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About Hawai‘i Foodbank

Nourish our ‘ohana.

Mission Statement: Hawaiʻi Foodbank’s mission is to nourish our ʻohana today while we work to end hunger tomorrow.

How We Nourish Our ‘Ohana

Where Our Food Comes From

Hawaiʻi Foodbank operates out of two locations: our 23,668 square-foot warehouse on O‘ahu and our 4,750 square-foot warehouse on Kaua‘i. Both warehouses are AIB inspected and certified for food safety. In our warehouses — we receive, inspect, sort, store, and distribute a variety of food.

We receive food from food manufacturers and growers, food purchases, food retailers and wholesalers, Feeding America, individual and corporate food drives, and federal food commodities.

Preparing Food for Distribution

Volunteers and staff at our warehouses help prepare food for distribution. They inspect dry food and produce by checking the integrity of the food products, sorting categories and boxing items for warehouse storage. This helps prepare food for quicker and more efficient distribution to those in need.

Once food is ready to distribute to our food partner agencies and programs, our fleet of vehicles loads and distributes food safely throughout O‘ahu and Kaua‘i.

Delivering Nourishment – and Hope

Hawaiʻi Foodbank partners with more than 200 food partner agencies on O‘ahu and Kaua‘i. Our food partner agencies are the most significant distribution avenue in our network – serving food in a variety of ways depending on the needs of their communities. These include food pantries, homeless shelters, soup kitchens, domestic abuse shelters, rehabilitation centers and more.

Together, we distribute food through feeding programs like ‘Ohana Produce Plus, Food 4 Keiki and federal commodity programs.

Equal Food Access for All

Our Pledge to the Community

At Hawai‘i Foodbank, we believe in equal access for all.

Hunger knows no bounds. It does not discriminate based on occupation, background, race, religion, political affiliation or any other demographic factor. As such, Hawai‘i Foodbank's pledge to the community includes embracing every member of our ‘ohana. We are committed to helping individuals stand up for their own dignity by providing equal access to healthy food – which, ultimately, can sustain hope for a better tomorrow. We will continue to work diligently to eliminate the stigma surrounding hunger in our communities.

There is no shame in receiving food because everyone deserves a seat at the table.

Hunger

in Hawai‘i

The Rising Need

Due to COVID-19, the number of people in need of food assistance has grown significantly. We are working to distribute food to more households than ever before.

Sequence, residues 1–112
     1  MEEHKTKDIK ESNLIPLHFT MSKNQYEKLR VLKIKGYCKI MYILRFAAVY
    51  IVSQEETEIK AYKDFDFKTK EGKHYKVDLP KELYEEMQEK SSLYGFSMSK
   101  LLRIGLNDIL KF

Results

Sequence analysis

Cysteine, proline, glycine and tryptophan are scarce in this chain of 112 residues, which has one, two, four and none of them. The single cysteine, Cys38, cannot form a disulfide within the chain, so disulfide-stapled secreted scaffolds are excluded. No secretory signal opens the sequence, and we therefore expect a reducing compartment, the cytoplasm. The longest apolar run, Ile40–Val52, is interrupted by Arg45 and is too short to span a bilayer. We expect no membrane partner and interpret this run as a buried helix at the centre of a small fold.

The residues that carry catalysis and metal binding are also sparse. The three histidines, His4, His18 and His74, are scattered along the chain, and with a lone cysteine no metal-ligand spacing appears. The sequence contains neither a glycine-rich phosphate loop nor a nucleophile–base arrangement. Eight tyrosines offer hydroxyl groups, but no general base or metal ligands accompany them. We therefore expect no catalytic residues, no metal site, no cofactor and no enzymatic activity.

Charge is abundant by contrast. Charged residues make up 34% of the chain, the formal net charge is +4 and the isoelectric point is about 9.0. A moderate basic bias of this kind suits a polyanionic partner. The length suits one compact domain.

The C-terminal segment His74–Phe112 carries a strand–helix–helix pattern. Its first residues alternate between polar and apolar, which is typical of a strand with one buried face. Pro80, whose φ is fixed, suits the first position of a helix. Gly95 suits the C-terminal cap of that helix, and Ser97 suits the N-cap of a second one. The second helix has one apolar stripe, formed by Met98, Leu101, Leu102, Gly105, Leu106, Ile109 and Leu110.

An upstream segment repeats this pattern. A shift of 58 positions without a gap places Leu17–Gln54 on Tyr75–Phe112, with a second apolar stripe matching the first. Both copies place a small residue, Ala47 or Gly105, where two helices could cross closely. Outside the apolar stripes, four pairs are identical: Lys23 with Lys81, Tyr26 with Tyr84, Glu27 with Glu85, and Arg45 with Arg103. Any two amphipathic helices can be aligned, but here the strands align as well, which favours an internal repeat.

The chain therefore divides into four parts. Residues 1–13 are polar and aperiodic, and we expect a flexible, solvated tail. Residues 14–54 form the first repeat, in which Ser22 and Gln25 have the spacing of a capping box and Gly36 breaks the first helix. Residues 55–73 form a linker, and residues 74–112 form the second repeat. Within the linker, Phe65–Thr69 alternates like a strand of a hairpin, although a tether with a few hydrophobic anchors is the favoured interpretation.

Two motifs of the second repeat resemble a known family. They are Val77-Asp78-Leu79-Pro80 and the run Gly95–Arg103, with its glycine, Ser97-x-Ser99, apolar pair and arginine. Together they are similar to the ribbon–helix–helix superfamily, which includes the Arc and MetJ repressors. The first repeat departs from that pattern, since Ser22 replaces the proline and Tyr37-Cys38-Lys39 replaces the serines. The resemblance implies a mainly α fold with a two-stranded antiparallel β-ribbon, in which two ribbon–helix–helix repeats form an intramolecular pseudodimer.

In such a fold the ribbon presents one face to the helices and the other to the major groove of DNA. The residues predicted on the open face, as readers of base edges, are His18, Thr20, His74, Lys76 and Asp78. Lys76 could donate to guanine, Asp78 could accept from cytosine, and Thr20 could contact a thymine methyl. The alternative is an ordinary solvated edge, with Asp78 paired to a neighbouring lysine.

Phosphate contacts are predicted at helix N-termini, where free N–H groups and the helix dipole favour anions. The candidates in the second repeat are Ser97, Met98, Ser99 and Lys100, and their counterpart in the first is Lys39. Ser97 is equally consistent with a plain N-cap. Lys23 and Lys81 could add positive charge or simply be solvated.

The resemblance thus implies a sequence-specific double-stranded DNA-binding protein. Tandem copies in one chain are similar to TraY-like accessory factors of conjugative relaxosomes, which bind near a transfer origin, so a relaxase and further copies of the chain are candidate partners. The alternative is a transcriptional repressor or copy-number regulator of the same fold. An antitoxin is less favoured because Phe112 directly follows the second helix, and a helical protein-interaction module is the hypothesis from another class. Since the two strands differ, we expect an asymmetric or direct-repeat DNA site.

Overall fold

Read More

History

of Hawai‘i Foodbank

40 Years of Service

Since 1983, Hawai‘i Foodbank has pioneered many successful models aimed at ending hunger in Hawai‘i. See how your support has contributed to our growth over the years.

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Impact

of Our Mission

Providing Hope

We hear stories of people getting back on their feet because they could count on Hawai‘i Foodbank for safe food access. Read their stories on our Hunger Blog.

Read More
Kalo

The Official Food Bank of the State of Hawaiʻi

Hawai‘i Foodbank is a non-profit 501(c)3 agency that provides food assistance to the state of Hawai‘i. We serve O‘ahu and Kaua‘i directly while partnering with The Food Basket to serve Hawai‘i County and Maui Food Bank to serve Maui County. Together, we work to ensure that no one in our entire Hawai‘i ‘ohana goes hungry.

Nationwide Support and Accountability

Hawai‘i Foodbank is a certified member of Feeding America – the nation’s largest hunger-relief organization, encompassing a network of 200 food banks across the United States. Certification means Hawai‘i Foodbank is held to the highest standards for food handling, storage and distribution, financial management, organizational stability, board governance, and more.

As the leading food bank of Hawai‘i, Hawai‘i Foodbank proudly partners with Aloha United Way and Kaua‘i United Way.

Candid Platinum Seal

Federal Poverty Guidelines

Household Size
200% Monthly Gross Income (BBCE Household)
130% Monthly Gross Income (Regular Household)
100% Monthly Net Income
1
$2,606
$1,694
$1,303
2
$3,510
$2,282
$1,755
3
$4,416
$2,870
$2,208
4
$5,320
$3,458
$2,660
5
$6,226
$4,047
$3,113
6
$7,130
$4,635
$3,565
7
$8,036
$5,223
$4,018
8
$8,940
$5,811
$4,470
9
$9,846
$6,400
$4,923
10
$10,752
$6,989
$5,376
11
$11,658
$7,578
$5,829
12
$12,564
$8,167
$6,282
13
$13,470
$8,756
$6,735
14
$14,376
$9,345
$7,188
15
$15,282
$9,934
$7,641
16
$906
$589
$453

Note: 200% BBCE Monthly Gross Income (MGI) is based on 100% SNAP Federal Poverty Level (FPL)
BBCE – Broad-based Categorical Eligibility

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Federal Poverty Guidelines

Household Size
200% Monthly Gross Income
(BBCE Household)
130% Monthly Gross Income
(Regular Household)
100% Monthly Net Income
1
$2,606
$1,694
$1,303
2
$3,510
$2,282
$1,755
3
$4,416
$2,870
$2,208
4
$5,320
$3,458
$2,660
5
$6,226
$4,047
$3,113
6
$7,130
$4,635
$3,565
7
$8,036
$5,223
$4,018
8
$8,940
$5,811
$4,470
9
$9,846
$6,400
$4,923
10
$10,752
$6,989
$5,376
11
$11,658
$7,578
$5,829
12
$12,564
$8,167
$6,282
13
$13,470
$8,756
$6,735
14
$14,376
$9,345
$7,188
15
$15,282
$9,934
$7,641
16
$906
$589
$453

Note: 200% BBCE Monthly Gross Income (MGI) is based on 100% SNAP Federal Poverty Level (FPL)
BBCE – Broad-based Categorical Eligibility